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Can you drive eyes closed?

We can get distracted while driving in many different ways
10/05/2021
A phone call comes in. I want to select another artist in my playlist. What does that advertisement board on the roadside say? I will quickly reply to this text. On average, distracted driving takes your eyes off the road for 4.6 seconds. If you are driving at 90km/h, it’s as if you were driving eyes closed right through the length of a football field in 4.6 seconds.*1

Sometimes you are looking ahead but your attention may be drawn to thoughts popping up in your head. Using a hands-free device is a little less distracting than texting, but it still does take focus off the road. Eating, smoking, changing navigation settings – all these are common causes of distraction.

Studies show that distracted drivers are about 4 times more likely to be involved in crashes than those who are focused on driving. Drivers who are texting can be more than 20 times more likely to crash than non-distracted drivers.*2

“Our aim is zero accidents and safer mobility. So, Toyota takes part in initiatives to develop car functions that countermeasure distracted driving.”

Tjark Kreuzinger, R&D Safety Research & Technical Affairs, Toyota Motor Europe

Tjark Kreuzinger, Senior Manager Toyota Motor Europe R&D Safety Research & Technical Affairs says: “Safety functions can help, but equally important is that using any onboard function must not distract the driver. As part of the car designing process, we always pay a lot of attention to avoid elements that can be distractive. If operation takes too much of the driver’s attention, we don’t include that function in the touch screen menu.

“This is why we choose to use hardware switches for safety critical functions rather than touch screen. You need to look where your finger is pointing when using a touch screen, whereas, when pushing a button, you have control without looking at what you are doing. We don’t allow long text, such as title of a song, to roll on the screen either.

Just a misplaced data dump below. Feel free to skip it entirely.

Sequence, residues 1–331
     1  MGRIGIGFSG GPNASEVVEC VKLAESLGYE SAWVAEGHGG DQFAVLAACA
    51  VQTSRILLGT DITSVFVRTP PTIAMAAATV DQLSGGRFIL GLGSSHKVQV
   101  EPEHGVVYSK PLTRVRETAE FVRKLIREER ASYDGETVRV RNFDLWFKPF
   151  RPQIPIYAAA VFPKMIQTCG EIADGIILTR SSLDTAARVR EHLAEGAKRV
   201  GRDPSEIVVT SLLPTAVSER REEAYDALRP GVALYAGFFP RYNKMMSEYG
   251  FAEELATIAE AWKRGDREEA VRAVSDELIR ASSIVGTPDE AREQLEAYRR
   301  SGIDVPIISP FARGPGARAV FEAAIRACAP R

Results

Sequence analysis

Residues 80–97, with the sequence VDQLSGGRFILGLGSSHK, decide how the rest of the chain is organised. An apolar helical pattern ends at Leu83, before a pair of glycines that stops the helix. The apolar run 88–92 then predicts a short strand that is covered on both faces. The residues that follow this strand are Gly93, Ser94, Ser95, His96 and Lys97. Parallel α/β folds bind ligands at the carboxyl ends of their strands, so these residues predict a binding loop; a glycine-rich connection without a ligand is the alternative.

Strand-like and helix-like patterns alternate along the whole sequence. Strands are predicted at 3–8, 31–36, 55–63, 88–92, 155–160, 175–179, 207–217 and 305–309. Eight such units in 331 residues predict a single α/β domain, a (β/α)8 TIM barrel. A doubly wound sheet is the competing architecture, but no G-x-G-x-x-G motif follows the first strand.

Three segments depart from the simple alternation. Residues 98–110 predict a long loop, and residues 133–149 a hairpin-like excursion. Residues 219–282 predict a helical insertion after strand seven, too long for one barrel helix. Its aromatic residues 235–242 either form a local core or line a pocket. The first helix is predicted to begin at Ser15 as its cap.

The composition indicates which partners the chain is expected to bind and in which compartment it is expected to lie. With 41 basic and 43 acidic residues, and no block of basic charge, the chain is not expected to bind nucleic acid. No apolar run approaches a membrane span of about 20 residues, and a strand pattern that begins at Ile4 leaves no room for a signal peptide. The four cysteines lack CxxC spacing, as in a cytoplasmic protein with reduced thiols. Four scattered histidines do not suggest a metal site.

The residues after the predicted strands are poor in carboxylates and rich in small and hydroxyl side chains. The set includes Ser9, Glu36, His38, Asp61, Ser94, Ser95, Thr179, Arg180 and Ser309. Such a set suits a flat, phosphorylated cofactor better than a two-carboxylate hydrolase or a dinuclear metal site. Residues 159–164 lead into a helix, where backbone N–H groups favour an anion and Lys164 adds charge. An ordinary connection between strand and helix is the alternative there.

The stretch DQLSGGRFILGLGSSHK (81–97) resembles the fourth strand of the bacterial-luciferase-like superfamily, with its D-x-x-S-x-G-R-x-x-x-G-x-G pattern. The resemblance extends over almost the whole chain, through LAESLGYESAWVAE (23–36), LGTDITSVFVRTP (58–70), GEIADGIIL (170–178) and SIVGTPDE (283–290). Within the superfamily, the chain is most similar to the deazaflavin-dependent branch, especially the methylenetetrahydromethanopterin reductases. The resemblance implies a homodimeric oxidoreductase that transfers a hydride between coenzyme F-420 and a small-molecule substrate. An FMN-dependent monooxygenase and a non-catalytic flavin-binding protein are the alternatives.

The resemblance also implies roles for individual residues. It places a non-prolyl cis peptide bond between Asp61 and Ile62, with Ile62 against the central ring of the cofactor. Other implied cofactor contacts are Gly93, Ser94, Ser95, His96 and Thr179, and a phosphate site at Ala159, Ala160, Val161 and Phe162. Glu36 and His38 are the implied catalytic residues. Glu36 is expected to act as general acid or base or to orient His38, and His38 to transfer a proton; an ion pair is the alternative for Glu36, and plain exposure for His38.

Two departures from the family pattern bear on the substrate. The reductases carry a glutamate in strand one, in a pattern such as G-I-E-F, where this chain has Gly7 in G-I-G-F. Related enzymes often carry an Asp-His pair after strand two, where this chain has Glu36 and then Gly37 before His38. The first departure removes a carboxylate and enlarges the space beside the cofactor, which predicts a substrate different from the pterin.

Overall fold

“Our aim is zero accidents and safer mobility. So, Toyota takes part in initiatives to develop car functions that countermeasure distracted driving.

“For example, we are involved in several research activities to better understand how distraction manifests. To develop car functions that support distracted driver, we first need to detect and measure how distracted the driver is. This is quite a challenge. We also support external organisations develop protocols for assessing and rating distracted driving assist functions of new cars.''

“We are working to push the limits of technologies to avoid or mitigate accidents. Still, car’s functions are not to take over the driver’s control.”

Tjark Kreuzinger, R&D Safety Research & Technical Affairs, Toyota Motor Europe

ADAS (Advanced Driver Assist Systems) technologies can support safe driving by interfering when the driver makes mistakes. Automatic Emergency Brake (AEB) stops the car if you are overlooking risk of collision, whereas Lane Keeping Assist (LKA) helps keep the car within the lane. Tjark says: “We are working to push the limits of technologies to avoid or mitigate accidents. Still, car’s functions are not to take over the driver’s control.”

The solution could be simply to have eyes on the road, hands on the wheel, and to organise a bit better – make that call, eat or smoke before hitting the road, or pull over to do so.